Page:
are probably some who have done that or are considering it. A bigger worry
for Google might be that they decide to ditch the Android platform entirely
for something more developer-friendly.
Some have portrayed Android as the future of the Linux desktop—on
phones and netbooks at least—but the problems that are currently being
experienced on phones could well spill over. DRM and
locking devices to particular vendors are not "features" that people normally
associate with Linux and free software, but they are being demanded by some
vendors. Those kinds of restrictions are really meant to keep consumers
from reaping the benefits of freedom. While folks may be used to that
treatment from mobile phones, one hopes they don't have to get used to it
from their computers as well.
Comments (22 posted)
Almost two years ago, your editor sat on an Open Source Business Conference
panel with Microsoft's Sam Ramji, who made the point that Microsoft had
only launched patent infringement lawsuits twice in its existence. Given
that, worries about the Microsoft/Novell patent deal were, in his opinion,
week, it was revealed
the count has gone up to three: Microsoft has filed a lawsuit against
TomTom, a maker of Linux-based navigation devices. There is much
speculation and uncertainty on the net as to just what this action means.
Your editor means to add to it by saying that Microsoft's intentions would
appear to be relatively clear.
The patents which TomTom is alleged to be infringing are:
(Vehicle computer system with open platform). This patent, filed in
1999, covers the innovative concept of mounting a computer in a
vehicle dashboard. Literally, that is all there is to it.
(Vehicle computer system with wireless internet, 1999). This one
extends the previous patent by adding an Internet connection to the
(Method and system for generating driving directions, 2003), appears
to cover the basic turn-by-turn instructions provided by just about
any navigation unit on the market.
(Methods and Arrangements for Interacting with Controllable Objects
within a Graphical User Interface Environment Using Various Input
Mechanisms, 2000). This patent is relatively impenetrable, but
appears to cover a framework for binding responses to user interface
(Portable computing device-integrated appliance, 2005). The deep
concept here appears to be recognizing a docking station and causing
the user interface to configure itself accordingly.
(Common name space for long and short filenames, 1995) and 5,758,352
(Common name space for long and short filenames, 1996). These are the
infamous patents on the long filename hacks embedded in the VFAT filesystem.
(Method and System for File System Management Using a Flash-Erasable,
Programmable, Read-only Memory, 1992). This one covers a fairly
straightforward mechanism for managing flash memory by dividing large
erase blocks into filesystem-sized blocks and allocating them
The first two patents in this list appear to be laughable indeed; it is
hard to see how they can pass the obviousness test. This is especially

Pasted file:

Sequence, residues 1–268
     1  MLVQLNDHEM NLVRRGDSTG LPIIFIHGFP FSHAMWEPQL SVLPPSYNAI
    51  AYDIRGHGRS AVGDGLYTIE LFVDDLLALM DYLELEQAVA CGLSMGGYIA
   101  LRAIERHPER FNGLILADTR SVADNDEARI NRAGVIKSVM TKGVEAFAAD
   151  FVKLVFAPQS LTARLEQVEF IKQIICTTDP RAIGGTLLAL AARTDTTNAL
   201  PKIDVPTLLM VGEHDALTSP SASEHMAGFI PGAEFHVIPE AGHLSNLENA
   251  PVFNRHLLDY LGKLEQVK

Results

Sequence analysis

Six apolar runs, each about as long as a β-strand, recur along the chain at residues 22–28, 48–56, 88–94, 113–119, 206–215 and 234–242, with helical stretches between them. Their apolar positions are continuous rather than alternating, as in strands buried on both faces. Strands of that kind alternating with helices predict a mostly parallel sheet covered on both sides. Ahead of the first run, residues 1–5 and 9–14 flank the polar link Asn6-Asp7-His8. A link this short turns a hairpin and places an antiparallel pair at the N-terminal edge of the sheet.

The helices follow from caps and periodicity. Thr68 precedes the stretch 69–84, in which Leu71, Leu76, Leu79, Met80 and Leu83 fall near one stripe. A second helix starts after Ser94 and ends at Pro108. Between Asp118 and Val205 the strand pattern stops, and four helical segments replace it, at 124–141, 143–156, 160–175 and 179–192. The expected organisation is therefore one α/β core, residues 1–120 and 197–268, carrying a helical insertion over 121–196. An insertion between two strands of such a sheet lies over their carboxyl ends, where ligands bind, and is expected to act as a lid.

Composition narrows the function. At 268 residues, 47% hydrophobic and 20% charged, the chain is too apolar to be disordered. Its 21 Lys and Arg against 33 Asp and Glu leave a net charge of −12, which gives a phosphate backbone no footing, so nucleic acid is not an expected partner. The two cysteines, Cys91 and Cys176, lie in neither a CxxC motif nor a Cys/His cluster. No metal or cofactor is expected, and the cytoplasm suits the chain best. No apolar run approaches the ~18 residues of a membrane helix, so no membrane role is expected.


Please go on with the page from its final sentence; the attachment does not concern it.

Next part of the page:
true in light of the KSR v. Teleflex
ruling, wherein it was decided (also in the automotive setting) that
the idea of
connecting a floor pedal to an electronic throttle control was too obvious
to patent. The navigation patent would appear to be infringed by anybody
who sits in the passenger seat and helps the driver find a destination.
The docking station and GUI patents seem less clear, but it doesn't seem
like it should be all that hard to find suitable prior art.
That leaves the final three patents, all of which are relevant to the Linux
platform. Like almost every other system on the planet, Linux supports the
VFAT filesystem, and, thus, could be argued to infringe upon the relevant
patents. The flash patent looks much like the technique used by any system
which manages flash memory in anything but the stupidest of ways. It would
appear that Microsoft has finally decided to follow through on its
longstanding patent threats against Linux.
Of course, not all agree. The 451 Group posted this
fairly impressive apology for Microsoft, claiming:
The key phrase, which is repeated, is the suit involves 'the Linux
kernel as implemented by TomTom,' which is very different from 'the
Linux kernel' when we're talking software code and patent
For those looking for signs that Microsoft has changed, I would
hope this might serve as the proverbial coffee to wake up and
smell. Microsoft is acknowledging the contributions and IP value of
open source software and is going out of its way to make sure
people don't think it is making patent infringement claims over the
actual Linux kernel.
Your editor wishes to politely dismiss this talk as dangerous nonsense.
There is nothing special about TomTom's kernel with regard to these
patents. One would think that it would make little sense for TomTom to go
into the kernel source and create its own special version of VFAT which
infringes on Microsoft's patents. Of course, embedded systems developers
have been known to do some very strange things, so one cannot take TomTom's
good sense for granted in this situation. So, for the definitive word, we
will refer to Harald
Welte's take on TomTom's kernel:
I have actually reviewed the TomTom kernel sources a number of
times during the last couple of years as part of gpl-compliance
reviews. I can tell you, there is nothing "TomTom specific" in
their FAT FS code. It is the plain fat/msdos/vfat file system like
in every kernel.org kernel.
If TomTom is infringing Microsoft's patents, then everybody who is running
Linux is infringing those patents. This is an attack against Linux; TomTom
has just been given the honor of being the first defendant.
Microsoft's motivation would seem to be clear. The company has tried for
years to sell versions of Windows into the embedded systems market, with
success best described as "modest." Linux is hard to compete against in
these systems; it is highly portable, can be customized to an arbitrary
degree, offers support from multiple vendors, and can be shipped with no
royalty charges. Microsoft would like to take away some of those
advantages by imposing a patent tax on embedded Linux deployments.